Ask An Adult: Why Do I Keep Having Dreams I’m Pregnant?
The Debrief: Pregnancy dreams are the 66th most common dream overall (number one is being chased), but what do they mean?
The average adult will spend two hours a night dreaming. That’s a twelfth of your life. It’s almost certainly more time than you spend eating, although I guess that depends on how much of a glutton you are. It’s definitely more time than you spend having sex.
Scientific studies show our brains are intensely active when we sleep, and particularly when we dream. Some scientists believe that, when we dream, our brains interpret and organise information received from the environment around us when we were conscious.
So, having a recurrent dream you remember on waking is usually a sign your brain’s trying to make sense of something that’s going on in your life.
In my case, I keep dreaming I’m pregnant. Sometimes it’s a happy dream: I’m Farrow-and-Balling the shit out of the nursery and can’t wait for the baby to arrive. Other times, the baby explodes out of my stomach like that scene in Alien.
I know I’m not the only person having these dreams. An unscientific study of my girlfriends found that all of us have experienced pregnancy dreams in the last six months, even though none of us are anywhere near having babies in real life.
To get to the bottom of my Sigourney Weaver nightmares, I spoke to Ian Wallace, dream expert and author of The Complete A to Z Dictionary of Dreams, and Dr Roderick Orner, a professor of clinical psychology at the University of Lincoln.
Should I be worried about my pregnancy dreams?
Definitely not. In fact, dreaming you’re pregnant is really common. Ian’s analysed over 200,000 dreams, and he tells me pregnancy dreams are the 66th most common overall (if you’re wondering what number one is, it’s being chased).
Dr Orner agrees. ‘One psychological view is that there are certain dreams that are archetypal dreams; they’re dreams about things that feature in all our lives. Pregnancy is one of these archetypes. So the imagery of pregnancy is generated in dreams because it’s something that everyone can relate to.’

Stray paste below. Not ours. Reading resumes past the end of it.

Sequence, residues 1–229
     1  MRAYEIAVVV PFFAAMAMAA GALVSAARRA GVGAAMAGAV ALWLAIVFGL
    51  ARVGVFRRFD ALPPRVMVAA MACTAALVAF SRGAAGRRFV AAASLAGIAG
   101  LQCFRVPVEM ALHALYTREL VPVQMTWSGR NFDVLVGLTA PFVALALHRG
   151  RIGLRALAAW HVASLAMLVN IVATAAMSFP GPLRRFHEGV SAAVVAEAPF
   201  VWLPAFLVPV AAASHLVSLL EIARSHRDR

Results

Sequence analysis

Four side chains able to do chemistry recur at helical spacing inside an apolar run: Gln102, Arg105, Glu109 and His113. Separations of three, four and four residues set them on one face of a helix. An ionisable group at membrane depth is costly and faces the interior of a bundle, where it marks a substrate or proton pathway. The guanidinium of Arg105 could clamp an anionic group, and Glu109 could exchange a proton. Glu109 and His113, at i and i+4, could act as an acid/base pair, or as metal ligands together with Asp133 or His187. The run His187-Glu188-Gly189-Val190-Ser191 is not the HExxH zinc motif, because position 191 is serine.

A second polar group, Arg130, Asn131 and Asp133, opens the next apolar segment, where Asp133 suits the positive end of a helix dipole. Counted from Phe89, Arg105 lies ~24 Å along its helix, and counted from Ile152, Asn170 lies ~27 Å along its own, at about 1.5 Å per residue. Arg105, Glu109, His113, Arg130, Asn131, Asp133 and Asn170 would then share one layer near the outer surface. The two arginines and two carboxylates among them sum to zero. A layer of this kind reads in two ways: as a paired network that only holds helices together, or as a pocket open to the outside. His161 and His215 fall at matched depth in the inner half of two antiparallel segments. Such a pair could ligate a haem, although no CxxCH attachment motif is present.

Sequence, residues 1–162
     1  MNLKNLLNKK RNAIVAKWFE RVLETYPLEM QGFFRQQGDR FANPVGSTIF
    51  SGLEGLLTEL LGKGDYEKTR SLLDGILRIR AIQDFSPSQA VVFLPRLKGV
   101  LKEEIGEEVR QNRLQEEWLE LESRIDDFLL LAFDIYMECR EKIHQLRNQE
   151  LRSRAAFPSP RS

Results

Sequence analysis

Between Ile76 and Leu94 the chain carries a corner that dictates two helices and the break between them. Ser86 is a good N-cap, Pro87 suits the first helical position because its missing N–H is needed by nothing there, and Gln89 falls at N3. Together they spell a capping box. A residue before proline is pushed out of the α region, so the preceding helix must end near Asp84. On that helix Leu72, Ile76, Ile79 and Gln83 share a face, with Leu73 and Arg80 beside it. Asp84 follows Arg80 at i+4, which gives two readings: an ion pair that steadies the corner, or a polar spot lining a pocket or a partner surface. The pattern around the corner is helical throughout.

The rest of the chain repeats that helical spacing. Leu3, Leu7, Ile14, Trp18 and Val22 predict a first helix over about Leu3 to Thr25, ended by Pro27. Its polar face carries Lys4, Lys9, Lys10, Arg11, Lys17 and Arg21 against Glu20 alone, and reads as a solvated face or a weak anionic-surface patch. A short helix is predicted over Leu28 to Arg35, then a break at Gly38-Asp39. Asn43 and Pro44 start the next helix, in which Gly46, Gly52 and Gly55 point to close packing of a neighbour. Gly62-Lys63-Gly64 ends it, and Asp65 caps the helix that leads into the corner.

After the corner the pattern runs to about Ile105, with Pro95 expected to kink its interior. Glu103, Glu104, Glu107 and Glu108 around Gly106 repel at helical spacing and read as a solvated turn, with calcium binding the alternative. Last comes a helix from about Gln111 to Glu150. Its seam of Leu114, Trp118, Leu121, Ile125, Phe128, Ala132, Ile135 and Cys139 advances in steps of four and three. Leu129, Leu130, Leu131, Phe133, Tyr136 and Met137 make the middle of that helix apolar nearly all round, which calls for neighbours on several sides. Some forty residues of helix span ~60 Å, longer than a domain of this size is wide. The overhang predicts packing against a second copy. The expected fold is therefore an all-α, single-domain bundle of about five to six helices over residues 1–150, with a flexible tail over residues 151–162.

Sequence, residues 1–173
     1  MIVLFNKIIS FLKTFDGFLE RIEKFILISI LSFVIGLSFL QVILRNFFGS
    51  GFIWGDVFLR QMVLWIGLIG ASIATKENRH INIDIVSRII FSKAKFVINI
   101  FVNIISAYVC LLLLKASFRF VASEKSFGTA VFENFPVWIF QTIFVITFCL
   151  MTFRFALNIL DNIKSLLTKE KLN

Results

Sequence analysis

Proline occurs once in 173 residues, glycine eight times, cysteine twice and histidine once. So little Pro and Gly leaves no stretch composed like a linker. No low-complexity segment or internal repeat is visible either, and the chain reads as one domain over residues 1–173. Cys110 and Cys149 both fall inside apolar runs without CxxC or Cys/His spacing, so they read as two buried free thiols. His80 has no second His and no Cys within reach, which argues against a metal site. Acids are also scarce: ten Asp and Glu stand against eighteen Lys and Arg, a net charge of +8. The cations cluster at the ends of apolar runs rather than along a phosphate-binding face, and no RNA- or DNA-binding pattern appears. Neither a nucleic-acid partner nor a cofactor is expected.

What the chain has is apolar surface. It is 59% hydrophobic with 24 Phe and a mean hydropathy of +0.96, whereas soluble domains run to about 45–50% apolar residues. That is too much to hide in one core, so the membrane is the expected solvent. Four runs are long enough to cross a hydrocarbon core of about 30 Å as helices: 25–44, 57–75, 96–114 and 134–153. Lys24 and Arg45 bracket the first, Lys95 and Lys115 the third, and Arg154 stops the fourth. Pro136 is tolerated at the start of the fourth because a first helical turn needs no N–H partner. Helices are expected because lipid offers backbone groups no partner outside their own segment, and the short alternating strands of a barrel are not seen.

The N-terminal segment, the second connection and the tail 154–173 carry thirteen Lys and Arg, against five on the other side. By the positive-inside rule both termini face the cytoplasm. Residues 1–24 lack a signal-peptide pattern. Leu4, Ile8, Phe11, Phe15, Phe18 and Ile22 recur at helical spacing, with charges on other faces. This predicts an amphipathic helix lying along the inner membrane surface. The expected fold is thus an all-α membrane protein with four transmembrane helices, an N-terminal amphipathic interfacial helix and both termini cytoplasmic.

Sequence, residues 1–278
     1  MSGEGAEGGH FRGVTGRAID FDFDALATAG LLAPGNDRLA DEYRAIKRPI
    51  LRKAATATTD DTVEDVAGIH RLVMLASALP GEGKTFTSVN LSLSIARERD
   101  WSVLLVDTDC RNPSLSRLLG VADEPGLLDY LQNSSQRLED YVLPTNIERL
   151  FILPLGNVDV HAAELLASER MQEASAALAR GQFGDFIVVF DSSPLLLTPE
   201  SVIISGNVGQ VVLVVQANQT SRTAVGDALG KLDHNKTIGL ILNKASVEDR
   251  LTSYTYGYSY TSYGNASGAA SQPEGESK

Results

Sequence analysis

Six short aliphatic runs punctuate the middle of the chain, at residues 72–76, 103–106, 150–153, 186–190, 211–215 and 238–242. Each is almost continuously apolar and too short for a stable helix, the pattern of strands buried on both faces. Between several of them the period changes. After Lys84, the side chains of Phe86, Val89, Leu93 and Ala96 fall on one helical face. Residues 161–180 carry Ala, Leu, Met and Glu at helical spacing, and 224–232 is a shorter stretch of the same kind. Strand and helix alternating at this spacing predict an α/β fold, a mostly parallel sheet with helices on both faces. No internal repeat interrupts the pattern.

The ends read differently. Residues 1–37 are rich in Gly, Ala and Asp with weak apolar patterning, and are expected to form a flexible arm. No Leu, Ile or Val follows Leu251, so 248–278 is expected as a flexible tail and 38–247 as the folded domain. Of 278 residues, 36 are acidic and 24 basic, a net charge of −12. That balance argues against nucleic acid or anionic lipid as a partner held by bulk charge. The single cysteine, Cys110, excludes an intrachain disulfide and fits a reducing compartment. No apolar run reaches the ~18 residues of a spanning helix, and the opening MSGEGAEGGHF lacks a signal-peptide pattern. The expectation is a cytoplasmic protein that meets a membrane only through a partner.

Men can get pregnancy dreams too
It’s less common for men to have dreams about being pregnant, although Dr Orner tells me he has encountered male patients who’ve had pregnancy dreams.
But, he says, ‘Dreams about pregnancy are more likely to arrive during a woman’s reproductive phase. So maybe you’re having children, or thinking about children, or in some cases, not wanting to have children – in which case, a pregnancy dream might involve panic.’
I can relate to this. I’ve totally had that panic-filled pregnancy dream, where I don’t realise I’m pregnant until I’m suddenly giving birth on the kitchen-floor, Hollyoaks-style.
Ian agrees women are more likely to have pregnancy dreams. ‘When we create our dreams, we take real-life experiences and make them symbolise things that are happening for us on a subconscious or emotional level that we can’t articulate in another way.
‘As women tend to be more aware of the concept of pregnancy generally, they’re more likely to have pregnancy dreams, particularly in their twenties and thirties, when people around them are having babies.’
Your pregnancy dream might actually have nothing to do with babies
This seems strange, but your pregnancy dream could have nothing to do with children. Ian explains how pregnancy dreams can be about a plan or a project that you’re bringing to life.